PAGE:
Through public, cooking and eating workshops in Leigh-on-Sea, we will create public tastings that explore environmental change. Alongside these tastings, citizen science workshops will investigate the traces of waste disposal on the 'unnatural' nature reserve of Two Tree Island in Leigh-on-Sea.

The project is led by local Southend artists Fran Gallardo, YoHa and Andy Freeman with environmental chemist and food scientist Mark Scrimshaw.

The citizen science workshops will involve using digital and mobile technologies to investigate the legacy of generations of industrial use (and misuse) in the estuary landscape.

Talking Dirty is part of Wrecked on The Intertidal Zone, an art and citizen science project that will uncover and highlight local knowledge about the changing ecology, society and industry of the Thames estuary. Artists YoHa, Critical Art Ensemble, Andy Freeman and Fran Gallardo, with The Arts Catalyst, are collaborating with local people in Southend and Leigh-on-Sea.

See the project website for more information: http://www.tonguefirst.com/

Public Events & Workshops:

Open Jamming at Leigh-on-Sea Maritime Festival. Come one, come all!
Date: Sunday 2 August 2015, 11am – 4pm

Location: Victoria Wharf, Leigh-on-Sea, Southend
Booking: No booking required
Join local artists Fran Gallardo and YoHa at Leigh-on-Sea's annual Maritime Festival. You will find us somewhere among the sea shanties and Maldon oysters. We encourage you to bring berries and edible flowers samples from your garden, park or elsewhere to create an 'Open Jamming' (please bring the postcode as well). We will prepare jam, cordials and other seasonal cocktails on which you can choose from where berries have the sweetest earthy taste, which elderberries tickle your tongue the most, and create collective jam and cordials!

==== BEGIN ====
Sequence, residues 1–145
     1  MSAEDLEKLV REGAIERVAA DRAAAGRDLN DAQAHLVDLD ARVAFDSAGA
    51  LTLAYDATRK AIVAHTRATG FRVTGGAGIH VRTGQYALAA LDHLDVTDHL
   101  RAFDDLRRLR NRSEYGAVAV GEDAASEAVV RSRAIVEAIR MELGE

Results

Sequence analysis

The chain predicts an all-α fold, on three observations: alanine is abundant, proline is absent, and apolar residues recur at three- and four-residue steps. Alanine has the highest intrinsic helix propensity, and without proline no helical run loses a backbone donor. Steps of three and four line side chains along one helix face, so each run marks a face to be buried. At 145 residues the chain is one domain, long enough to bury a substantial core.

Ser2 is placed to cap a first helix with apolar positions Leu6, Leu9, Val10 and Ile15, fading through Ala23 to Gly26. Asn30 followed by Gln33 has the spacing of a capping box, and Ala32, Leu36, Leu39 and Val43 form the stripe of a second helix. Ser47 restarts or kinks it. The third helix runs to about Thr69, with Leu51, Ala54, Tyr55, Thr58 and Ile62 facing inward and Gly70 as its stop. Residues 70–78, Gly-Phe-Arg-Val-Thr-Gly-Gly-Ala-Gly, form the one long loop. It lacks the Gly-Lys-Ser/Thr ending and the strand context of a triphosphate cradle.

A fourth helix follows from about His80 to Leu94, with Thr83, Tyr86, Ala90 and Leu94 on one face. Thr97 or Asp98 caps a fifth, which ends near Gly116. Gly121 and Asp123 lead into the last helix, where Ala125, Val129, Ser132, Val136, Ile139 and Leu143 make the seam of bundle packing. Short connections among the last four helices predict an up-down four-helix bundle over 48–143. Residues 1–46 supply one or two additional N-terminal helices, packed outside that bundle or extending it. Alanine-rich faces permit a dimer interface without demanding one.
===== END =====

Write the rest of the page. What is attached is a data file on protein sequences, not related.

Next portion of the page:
PS: We would love to hear about your recipes using local ingredients
Fluids and Mud Science (citizen science workshop 1)

Date: Saturday 15 August 2015, 10am – 5pm
Meeting Point: Fishermens Chapel, New Road, Leigh-on-Sea, SS9

Booking: please email admin@artscatalyst.org
Investigate Two Tree Island in this day workshop led by Andy Freeman with Two Tree scientific expert Dr Mark Scrimshaw (Reader in Environmental Chemistry at Brunel University) to explore the use of scientific testing outdoors. Participants will learn about and make observations of a range of gases and contaminants found in the air and water in the Thames estuary using testing kits. Observations will be geotagged using mobile phones and then uploaded to a custom digital map of the locality and shared online.
Wildlife and Not So Wild Life (citizen science workshop 2)

Date: Saturday 22 August 2015, 10am – 5pm

Meeting Point: Fishermens Chapel, New Road, Leigh-on-Sea, SS9

Booking: please email admin@artscatalyst.org 
Andy Freeman and Mark Scrimshaw with local reserves manager Marc Outten (Essex Wildlife Trust) lead this workshop, which will bring together wild life spotting, digital technologies and scientific testing of the elements. Get to know your fellow organisms, animals and local inhabitants of this complex nature reserve, including the people and industries that surround it.
Public Tasting: Explore your Tongue

Date: Sunday 30 August 2015, 7pm - 8pm)
Location: High Street, Belton Way Beach, Leigh-on-Sea, Southend (follow the railway line along High Street towards the cockle sheds)
Fran Gallardo will lead an open air cooking experiment for using local ingredients (menu released on the day). Fran will present intriguing recipes that represent and re-imagine webs of connections between gastronomy and ecology within many environments: from human microbiomes, eels, fungi, geese, ships, landfills and human-made islands. Come and taste, smell and dive into the sensorial experience of the estuary and all its complex delicacies!